At some point, with Sebastian and his mother still deep into their conversation, I rose and excused myself. My husband touched my hand lightly as I sneaked from the table, managing to curl two fingers around mine with grace before I left. I could not list the ways I loved him, nor doubt the choice I'd made. My Sebastian.
Jade was in a rare pocket of quiet in the crowd, where guests edged by or politely turned their backs to his sorrow. I wasn't sure he noticed. I had expected to find him at the railing, but was surprised to find his attention caught by the stars overhead; he was more likely to be found scowling at the ground when in such a mood.
"The weather seems clear tonight," I said when I joined him, hoping at least to get a false smile. I did not, though he did glance at me briefly.
I started to feel a blush creep up on me—even after more than a year of practice, I still was at long ends when attempting to draw non-philosophical conversation from those reluctant to give it. I just had to believe that the concerns were worth the chance of getting them wrong. "I've heard the ship docks at Gladberry in a month."
That caught; he whipped towards me, the silver-cord edge of his coat flying across his knees. "What? When did you hear this?"
"Just now," I said, unable to keep from smiling. "Jade—you live in an airship, and Rosalind is not entirely heartless. Did you really think she would not give in?"
Just as quickly as it had come, the fierce joy in his face slid behind his usual cool mask, and Jade lifted his shoulders casually. "The money mistress must think the speck of gold on the horizon is funds, not the sun."
"Seballe could convince anyone of anything," I said. Earlier in the evening, a man with a timid smile had approached him, and they'd spoken in low voices until my husband had glanced at me, smiled, and shook his head. Someday, I had promised him timidly, afterwards, and he had just replied, only when you're no longer afraid. He must have seen my doubt, for he had teased me: did I doubt his abilities?
"It might be a storm in the air no matter which way the rain falls," my friend said, draping himself gracefully against the railing. "I've no beam of light to know what my country boy will think of this. He might be kneeling before some woodland beauty as we speak, dreaming of their many bouncing toddlers."
He could be right. Westar was a singularly determined young man; if he wanted his large family, he would waste no time in pursuing the idea, even—or perhaps especially—with the new anguish of leaving a beloved behind him. "And if this were true, what would be your course of action?"
His sigh was as soft as a spring breeze. "Either give my blessing," he said, "or enlist Seballe's help in kidnapping him and fleeing the country. Haven't decided."
"I'm insulted," I said as sternly as I could, glad to see him joking again even if so grimly, "that I too would not be enlisted."
Jade snorted and shoved my arm lightly. "As if you'd help," he scowled. "You'd just probably blush and stammer apologies to the bride. Although, perhaps you could have use as a distraction..."
"A beautiful distraction." Sebastian, of course, coming up to my side and linking his arms comfortably around mine. "Who are we distracting? Can it be me?"
"Westar's bride," I told him. "And no. If neither of us are eating with your parents, who is?"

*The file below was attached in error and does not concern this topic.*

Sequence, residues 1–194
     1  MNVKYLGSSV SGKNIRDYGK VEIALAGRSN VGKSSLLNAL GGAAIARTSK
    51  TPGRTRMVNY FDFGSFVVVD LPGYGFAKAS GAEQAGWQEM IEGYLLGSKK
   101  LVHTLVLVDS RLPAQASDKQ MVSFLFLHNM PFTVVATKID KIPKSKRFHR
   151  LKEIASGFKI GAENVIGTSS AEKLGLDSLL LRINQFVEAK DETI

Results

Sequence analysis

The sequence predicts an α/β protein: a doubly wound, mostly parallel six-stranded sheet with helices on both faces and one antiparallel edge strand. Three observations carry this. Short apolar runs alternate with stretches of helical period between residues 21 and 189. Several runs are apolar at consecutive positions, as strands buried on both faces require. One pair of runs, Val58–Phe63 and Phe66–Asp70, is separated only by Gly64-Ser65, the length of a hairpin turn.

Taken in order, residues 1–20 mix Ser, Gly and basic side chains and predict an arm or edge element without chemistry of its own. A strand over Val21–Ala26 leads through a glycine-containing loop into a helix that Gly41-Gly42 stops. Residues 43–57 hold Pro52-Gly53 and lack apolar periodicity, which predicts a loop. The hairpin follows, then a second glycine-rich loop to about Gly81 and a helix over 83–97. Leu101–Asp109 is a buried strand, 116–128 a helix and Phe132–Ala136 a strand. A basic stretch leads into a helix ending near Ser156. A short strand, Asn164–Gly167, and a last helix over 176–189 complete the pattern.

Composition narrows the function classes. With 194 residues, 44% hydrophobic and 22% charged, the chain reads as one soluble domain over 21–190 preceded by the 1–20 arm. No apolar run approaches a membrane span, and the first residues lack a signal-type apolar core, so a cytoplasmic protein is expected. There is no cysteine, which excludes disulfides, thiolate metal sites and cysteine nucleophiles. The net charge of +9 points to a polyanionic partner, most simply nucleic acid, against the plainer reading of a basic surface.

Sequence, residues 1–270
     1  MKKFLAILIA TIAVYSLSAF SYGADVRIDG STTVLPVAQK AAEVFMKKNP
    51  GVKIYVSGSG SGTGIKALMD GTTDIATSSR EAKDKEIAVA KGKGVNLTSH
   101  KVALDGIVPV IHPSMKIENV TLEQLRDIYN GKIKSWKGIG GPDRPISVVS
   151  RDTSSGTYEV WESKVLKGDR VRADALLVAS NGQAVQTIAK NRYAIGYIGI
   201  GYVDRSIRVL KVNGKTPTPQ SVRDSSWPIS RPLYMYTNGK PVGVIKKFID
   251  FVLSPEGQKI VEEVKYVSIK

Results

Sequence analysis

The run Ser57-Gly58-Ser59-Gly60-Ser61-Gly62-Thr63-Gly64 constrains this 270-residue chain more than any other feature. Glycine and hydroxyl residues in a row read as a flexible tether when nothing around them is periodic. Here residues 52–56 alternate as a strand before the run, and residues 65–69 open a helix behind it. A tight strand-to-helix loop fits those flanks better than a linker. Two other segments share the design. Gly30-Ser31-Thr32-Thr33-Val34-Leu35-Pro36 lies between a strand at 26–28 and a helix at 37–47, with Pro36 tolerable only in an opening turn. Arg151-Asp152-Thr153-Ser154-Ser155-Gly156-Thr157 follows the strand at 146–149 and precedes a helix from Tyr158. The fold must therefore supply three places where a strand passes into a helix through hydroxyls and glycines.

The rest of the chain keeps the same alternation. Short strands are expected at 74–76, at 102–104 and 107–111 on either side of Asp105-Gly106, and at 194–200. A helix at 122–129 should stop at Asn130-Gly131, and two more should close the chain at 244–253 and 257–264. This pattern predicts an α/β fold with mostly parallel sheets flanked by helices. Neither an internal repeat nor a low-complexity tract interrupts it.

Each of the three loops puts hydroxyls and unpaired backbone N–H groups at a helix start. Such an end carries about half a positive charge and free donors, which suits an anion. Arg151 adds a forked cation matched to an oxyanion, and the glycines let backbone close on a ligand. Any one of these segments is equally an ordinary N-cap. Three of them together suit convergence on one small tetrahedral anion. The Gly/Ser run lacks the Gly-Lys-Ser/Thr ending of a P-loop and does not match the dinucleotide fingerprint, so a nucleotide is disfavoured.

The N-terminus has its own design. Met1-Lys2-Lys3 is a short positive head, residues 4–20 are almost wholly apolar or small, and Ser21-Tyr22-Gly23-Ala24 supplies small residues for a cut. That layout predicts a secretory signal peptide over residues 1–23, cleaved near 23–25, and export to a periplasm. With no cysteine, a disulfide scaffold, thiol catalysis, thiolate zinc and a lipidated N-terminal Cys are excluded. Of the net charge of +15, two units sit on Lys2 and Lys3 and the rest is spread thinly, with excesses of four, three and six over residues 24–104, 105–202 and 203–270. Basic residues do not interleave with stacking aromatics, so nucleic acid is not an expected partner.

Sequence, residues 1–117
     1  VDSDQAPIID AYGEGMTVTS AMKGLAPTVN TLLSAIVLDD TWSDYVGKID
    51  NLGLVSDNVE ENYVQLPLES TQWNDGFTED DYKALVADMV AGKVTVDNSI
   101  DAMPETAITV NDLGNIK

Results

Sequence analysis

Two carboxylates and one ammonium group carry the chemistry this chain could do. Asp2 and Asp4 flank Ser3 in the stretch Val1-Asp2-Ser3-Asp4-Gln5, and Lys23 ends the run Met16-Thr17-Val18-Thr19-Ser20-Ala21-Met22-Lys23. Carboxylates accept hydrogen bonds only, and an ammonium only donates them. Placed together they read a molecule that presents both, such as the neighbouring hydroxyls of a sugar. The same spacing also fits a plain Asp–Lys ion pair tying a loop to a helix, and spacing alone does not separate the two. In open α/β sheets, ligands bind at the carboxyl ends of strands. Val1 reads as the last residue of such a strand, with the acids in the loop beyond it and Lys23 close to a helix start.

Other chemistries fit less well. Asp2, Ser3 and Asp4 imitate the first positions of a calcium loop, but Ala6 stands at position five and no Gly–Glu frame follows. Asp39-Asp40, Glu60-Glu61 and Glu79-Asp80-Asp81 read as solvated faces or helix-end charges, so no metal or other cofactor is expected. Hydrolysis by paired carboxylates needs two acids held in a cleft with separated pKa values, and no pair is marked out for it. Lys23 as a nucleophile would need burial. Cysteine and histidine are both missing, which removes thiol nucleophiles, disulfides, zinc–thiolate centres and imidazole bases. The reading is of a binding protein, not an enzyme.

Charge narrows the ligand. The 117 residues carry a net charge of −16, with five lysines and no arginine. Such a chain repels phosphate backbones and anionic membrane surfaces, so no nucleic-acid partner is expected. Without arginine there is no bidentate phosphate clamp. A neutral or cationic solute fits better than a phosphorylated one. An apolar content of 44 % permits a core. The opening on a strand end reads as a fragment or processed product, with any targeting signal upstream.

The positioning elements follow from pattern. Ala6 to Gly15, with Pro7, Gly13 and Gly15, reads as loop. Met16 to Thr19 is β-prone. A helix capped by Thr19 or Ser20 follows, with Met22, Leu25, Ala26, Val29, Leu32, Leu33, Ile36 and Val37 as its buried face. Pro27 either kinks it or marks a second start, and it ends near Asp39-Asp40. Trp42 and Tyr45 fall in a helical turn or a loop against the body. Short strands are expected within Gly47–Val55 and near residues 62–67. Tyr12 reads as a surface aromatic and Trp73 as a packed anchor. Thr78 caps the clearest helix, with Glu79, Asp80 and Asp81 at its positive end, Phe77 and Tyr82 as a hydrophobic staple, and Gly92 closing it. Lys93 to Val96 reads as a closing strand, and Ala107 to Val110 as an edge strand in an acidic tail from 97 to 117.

"Never mind that," he said, dismissing my concerns with a wave of his hand. "I think Jade needs distraction more, and I have just the solution—" another gesture towards the crowd behind us, "finding a patron and spending a very thorough hour or two. Although, if sex is the cure..." He glanced at me, his rich eyes gleaming with amusement.
"No," I sighed, trying to match his playful tone even as I felt my skin flush, "I don't think you should sleep with Jade."
"Me? I thought you were the distraction here!"
Now I really was blushing. "I won't be sleeping with him, either."
"Who said anything about sleeping?"
"You two are impossible," the dark-skinned man grumbled, but his lips were twitching and the dark air about him had abated somewhat. "Fine. I'll go sight-see a distraction, while you two hike around here trying to avoid the park rangeress. But later, perhaps..." The pained, lost look was back in his eyes, too quickly to comfort, "planning." He tipped his hat to us, then slipped away through the crowd.
Sebastian watched him go, his lips falling into a more troubled set. "I'm not certain he'll be all right," he murmured. "I've never seen him so fragile."
"It hasn't been very long yet," I said. "It's just that he has no way of knowing if someone is there waiting for him on the other side of this—it was he that made the promise, after all, not Westar. At least this way he'll find out if it was never meant to be."
"Or if it is," my lover said softly. I pressed my lips to Sebastian's hair and watched my friend weave through the crowd until he was beyond sight. Regardless of the outcome, Jade would be convinced, at last, that the truth was true.
Wes had said that waiting for a true soul mate was a waste of time one could have spent loving some other worthy soul. I'd thrown away so many years in self-doubt and fear, erecting walls physical, emotional, and metallic between myself and others. I, too, was growing convinced of the idea that, while Sebastian and I were not perfect, we were well together. I could not deny it.
"Come," he said, tilting his head back to me, suddenly smiling again. "Come dance with me." He took my hand and led me to the dance floor, lit by the golden floodlights mounted on the bow of the Crowned Jewel—to the cobblestones upon the flattened field, where flowers used to grow. I smiled, and followed after.